I think it would depend on how a jury viewed the "challenge" to her audience.
The general rule for self-defense in Texas is that the person needs to reasonably believe that force is immediately necessary to protect herself from someone else's use of force. I think a jury would find it reasonable to believe that someone forcefully attempting to steal your gun was planning to use it against you.
More importantly, the law generally presumes that that belief is reasonable if the person is being robbed, assuming that she isn't otherwise engaged in criminal activity. Since openly carrying an AR-15 is -- as far as I know -- legal in Texas, I think she'd probably be fine.
But: The law also says that the use of force is not justified when a person consents to the other person's use of force, or if the person has provoked the other person. So now you have the question of whether the student's challenge constitutes a provocation or consent to the use of force.
I think you can make a decent argument for provocation, which means that "the defendant did some act or used some words intended to and calculated to bring on the difficulty in order to have a pretext for inflicting injury." Neal v. State, No. 12-14-00158-CR, 2016 WL 1446138, at *11 (Tex. App. Apr. 13, 2016).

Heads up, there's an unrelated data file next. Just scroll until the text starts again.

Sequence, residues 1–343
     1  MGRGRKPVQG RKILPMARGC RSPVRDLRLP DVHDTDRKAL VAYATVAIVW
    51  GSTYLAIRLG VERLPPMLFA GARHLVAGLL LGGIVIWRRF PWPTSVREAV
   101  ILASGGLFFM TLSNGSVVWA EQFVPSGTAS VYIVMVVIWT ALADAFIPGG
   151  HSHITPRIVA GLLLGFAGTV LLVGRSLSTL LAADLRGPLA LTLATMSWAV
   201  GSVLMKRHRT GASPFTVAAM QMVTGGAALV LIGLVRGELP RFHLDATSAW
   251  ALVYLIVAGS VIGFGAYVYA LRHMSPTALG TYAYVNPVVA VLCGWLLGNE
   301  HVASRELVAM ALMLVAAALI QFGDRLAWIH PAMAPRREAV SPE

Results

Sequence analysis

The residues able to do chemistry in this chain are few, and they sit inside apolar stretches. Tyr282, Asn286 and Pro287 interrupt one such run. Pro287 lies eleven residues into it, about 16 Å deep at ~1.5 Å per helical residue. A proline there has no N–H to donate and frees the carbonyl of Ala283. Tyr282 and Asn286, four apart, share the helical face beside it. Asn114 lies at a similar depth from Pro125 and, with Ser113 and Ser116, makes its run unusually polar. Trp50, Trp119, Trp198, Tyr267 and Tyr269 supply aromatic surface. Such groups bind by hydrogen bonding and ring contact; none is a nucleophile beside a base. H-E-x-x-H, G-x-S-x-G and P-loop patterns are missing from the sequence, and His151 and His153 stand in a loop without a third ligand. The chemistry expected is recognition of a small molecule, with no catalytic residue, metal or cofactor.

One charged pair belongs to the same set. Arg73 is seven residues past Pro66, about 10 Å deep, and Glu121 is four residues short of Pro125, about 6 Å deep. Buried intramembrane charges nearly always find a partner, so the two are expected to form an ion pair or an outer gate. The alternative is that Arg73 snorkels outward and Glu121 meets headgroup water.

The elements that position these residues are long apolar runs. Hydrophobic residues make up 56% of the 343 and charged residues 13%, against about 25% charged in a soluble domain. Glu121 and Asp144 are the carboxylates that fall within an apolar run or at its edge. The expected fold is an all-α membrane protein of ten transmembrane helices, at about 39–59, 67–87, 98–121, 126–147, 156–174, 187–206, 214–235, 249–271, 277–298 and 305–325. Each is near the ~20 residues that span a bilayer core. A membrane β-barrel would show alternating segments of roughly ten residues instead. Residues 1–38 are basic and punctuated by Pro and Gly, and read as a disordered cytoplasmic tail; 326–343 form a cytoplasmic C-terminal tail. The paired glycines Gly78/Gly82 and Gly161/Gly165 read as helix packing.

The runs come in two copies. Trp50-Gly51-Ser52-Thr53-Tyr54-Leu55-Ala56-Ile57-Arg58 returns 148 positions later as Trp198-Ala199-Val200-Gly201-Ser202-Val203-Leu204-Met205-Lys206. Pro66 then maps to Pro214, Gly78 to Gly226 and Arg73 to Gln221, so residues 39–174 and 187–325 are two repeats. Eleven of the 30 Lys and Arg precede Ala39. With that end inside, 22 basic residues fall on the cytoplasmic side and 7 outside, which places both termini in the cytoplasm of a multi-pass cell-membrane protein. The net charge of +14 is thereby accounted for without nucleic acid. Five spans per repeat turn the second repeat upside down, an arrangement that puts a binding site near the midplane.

You might also make out a decent argument for consent, which doesn't necessarily seem to require that the parties exactly spell out the rules of engagement, just that there is some kind of agreement between the two parties.
In one case, for instance, a defendant tried to argue that a fight had gone beyond the rules because one party used a chokehold and knocked the other out. But the court said that the only actual rule agreed to was that there would be no weapons used. Padilla v. State, No. 03-07-00513-CR, 2008 WL 5423139, at *2 (Tex. App. Dec. 31, 2008).
That makes me think that as long as there's consent to some kind of fight, you don't necessarily need rules, though you do need to abide by them if you agree to them. So what's the scope of consent in this case? If we say that she's agreed to the use of force by challenging people to take something from her, and she hasn't said how you can do it, can you do it by any means you choose? I don't think a court would let someone shoot her to get it, but maybe they would be allowed to pry it out of her hands.
So all of that is a long way of saying that this is a tricky question, and that any decision would probably depend a lot on the specific facts of who she was talking to, what exactly she was saying, how she was carrying the gun, and so on.